Connie views old England with mixed feelings. England is changing by becoming more industrialized. Streets and houses and other buildings are being developed on the formerly unblemished fields. Aristocrats' estates are being sold and torn down for the expanding villagers and their needs. Those that remain are like "ghosts" among the "tangle of naked railway-lines, and foundries and other 'works.'" The narrator's description of Tevershall is full of words with negative connotations: "squalid straggle," "blackened brick dwellings," and "mud black with coal-dust." This symbolizes the decline of the aristocratic way of life and the traditional social class system as well as the expansion of the industrialized way of life.

Connie struggles with the class divisions. She is of the leisure class, but she is sleeping with a working-class man who comes from Tevershall. Everything she sees and knows of Tevershall makes it an ugly, blighted, undesirable environment. She views the villagers as devoid of real life and as "half-corpses" and considers them a new race. They are different from the leisure class. They are permeated with "the utter negation of natural beauty, the utter negation of the gladness of life, the utter absence of the instinct for shapely beauty which every bird and beast has." She hears schoolchildren singing, but the sound they make is "like nothing on earth," demonstrating this new race's inability to create things of beauty, such as music, literature, and art. This new race is one that is "over-conscious in the money and social and political side" and primarily pursues money and crass consumerism. The villagers are wage slaves who have been reduced to "less than humanness." And this means an end to fellowship between people. It, too, is doomed.

Connie wants to believe Oliver Mellors is superior to the Tevershall villagers, even though he comes from that environment. She wants to believe he is separate from it, but she thinks that "even in him there was no fellowship left." This reflects Lawrence's belief people of his time were wounded, so severely wounded they were unable to sustain meaningful human relationships—or fellowships. Pursuing success, or money, or the acquisitions of material goods, was dominant, not fellowship. And those pursuits were unable to heal the wounds and repair the fractured relationships and inability of people to engage in true fellowship. Increased industrialization and urbanization, such as that evident at Stacks Gate, only made things worse. The blackened imagery of the countryside, of Tevershall, and of Stacks Gate symbolizes the blackened human heart and its dead nature. Humans are focusing on life-deadening activities rather than life-affirming ones.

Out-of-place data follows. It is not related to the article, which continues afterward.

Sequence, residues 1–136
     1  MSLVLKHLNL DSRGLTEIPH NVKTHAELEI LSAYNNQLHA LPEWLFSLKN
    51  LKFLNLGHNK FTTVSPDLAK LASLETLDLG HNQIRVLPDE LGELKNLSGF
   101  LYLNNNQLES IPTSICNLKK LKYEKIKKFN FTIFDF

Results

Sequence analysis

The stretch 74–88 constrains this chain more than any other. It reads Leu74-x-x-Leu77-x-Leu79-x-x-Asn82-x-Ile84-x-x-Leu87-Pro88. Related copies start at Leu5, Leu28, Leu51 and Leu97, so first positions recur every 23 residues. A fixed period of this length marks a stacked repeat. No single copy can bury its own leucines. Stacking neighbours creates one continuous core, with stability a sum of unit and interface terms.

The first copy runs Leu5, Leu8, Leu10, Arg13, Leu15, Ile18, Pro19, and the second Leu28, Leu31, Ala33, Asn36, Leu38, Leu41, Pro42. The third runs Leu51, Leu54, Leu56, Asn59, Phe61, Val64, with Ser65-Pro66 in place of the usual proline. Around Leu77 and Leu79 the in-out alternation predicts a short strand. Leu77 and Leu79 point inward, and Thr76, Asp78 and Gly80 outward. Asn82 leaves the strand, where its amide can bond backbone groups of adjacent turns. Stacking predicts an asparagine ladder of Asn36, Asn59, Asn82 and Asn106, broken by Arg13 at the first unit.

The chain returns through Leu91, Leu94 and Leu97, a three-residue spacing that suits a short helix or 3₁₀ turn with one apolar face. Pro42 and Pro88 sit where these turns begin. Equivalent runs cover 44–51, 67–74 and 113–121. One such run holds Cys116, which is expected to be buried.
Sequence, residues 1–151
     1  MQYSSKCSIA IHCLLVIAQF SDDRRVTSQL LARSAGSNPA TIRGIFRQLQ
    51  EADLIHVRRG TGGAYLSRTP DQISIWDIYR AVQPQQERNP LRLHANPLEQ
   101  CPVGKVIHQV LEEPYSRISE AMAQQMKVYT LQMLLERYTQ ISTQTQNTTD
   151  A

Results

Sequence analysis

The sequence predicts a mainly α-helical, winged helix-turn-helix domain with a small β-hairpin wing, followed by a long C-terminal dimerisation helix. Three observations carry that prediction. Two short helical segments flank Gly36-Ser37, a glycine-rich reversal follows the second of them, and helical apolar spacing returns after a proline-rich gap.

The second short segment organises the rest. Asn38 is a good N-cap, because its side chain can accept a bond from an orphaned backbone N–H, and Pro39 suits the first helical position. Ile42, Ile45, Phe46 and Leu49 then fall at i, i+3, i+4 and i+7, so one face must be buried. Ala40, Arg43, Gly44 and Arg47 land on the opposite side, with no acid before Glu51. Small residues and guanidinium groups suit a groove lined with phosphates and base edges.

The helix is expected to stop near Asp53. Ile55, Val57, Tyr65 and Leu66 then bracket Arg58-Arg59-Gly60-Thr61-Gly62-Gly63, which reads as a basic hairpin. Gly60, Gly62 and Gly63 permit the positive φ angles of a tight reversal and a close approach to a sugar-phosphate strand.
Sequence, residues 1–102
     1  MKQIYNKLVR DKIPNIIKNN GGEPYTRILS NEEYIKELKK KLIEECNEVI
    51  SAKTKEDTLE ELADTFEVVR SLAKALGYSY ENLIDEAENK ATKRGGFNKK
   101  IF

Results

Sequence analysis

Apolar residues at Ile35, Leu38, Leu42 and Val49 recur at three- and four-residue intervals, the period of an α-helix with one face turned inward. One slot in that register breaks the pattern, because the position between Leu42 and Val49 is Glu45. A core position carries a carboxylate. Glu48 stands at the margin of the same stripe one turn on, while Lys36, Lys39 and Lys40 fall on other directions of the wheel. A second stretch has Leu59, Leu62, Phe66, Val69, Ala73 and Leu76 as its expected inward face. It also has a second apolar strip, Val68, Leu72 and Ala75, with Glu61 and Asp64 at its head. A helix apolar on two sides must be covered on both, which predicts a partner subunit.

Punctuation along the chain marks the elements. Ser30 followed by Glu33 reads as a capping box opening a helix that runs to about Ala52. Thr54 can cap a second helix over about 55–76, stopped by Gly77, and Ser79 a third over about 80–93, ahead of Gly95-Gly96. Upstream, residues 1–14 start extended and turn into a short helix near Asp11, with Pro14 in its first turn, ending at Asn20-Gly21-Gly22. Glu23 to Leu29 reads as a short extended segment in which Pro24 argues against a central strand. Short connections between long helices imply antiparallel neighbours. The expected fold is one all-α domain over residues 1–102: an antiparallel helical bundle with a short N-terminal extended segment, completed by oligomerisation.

Connie's views of the colliers as subhuman, existing only to serve the elements of the coal-, iron-, and metal-working industries, creates a deep fear that Oliver Mellors's child will be like them. The fear is so deep she cannot even let it gain hold in her consciousness. Forced to acknowledge her lover is her husband's hireling, she thinks of words from Shakespeare's Julius Caesar: "The fault, dear Brutus, is not in our stars, but in ourselves, that we are underlings." She realizes the character of Mellors, or their future child, is not bound by environment, or fate, but is shaped by the human condition. This reflects Lawrence's belief in free will and the equality of all people, regardless of their social class. The words have another meaning. Spoken by the Roman nobleman Cassius, they were meant to persuade Brutus from overthrowing Caesar because it would not serve his intended purpose. Mellors is about to usurp Clifford's place in terms of his relationship with Connie, but Mellors has no need to take the same place Clifford holds in his social standing. In other words their future child is not destined to be like the half-dead colliers and nor is it necessary for them to be members of the upper class in order to have a great fellowship and live life to the fullest.

Mrs. Bolton's description of the love she shared with her husband reinforces the validity of physical touch and its importance in a relationship. Mrs. Bolton still feels her husband as if he were alive. That's more than Connie feels for Clifford, who actually is alive. If touch could be this lasting, it must be the force that sustains love and life.

Cite This Study Guide

information icon Have study documents to share about Lady Chatterley's Lover? Upload them to earn free Course Hero access!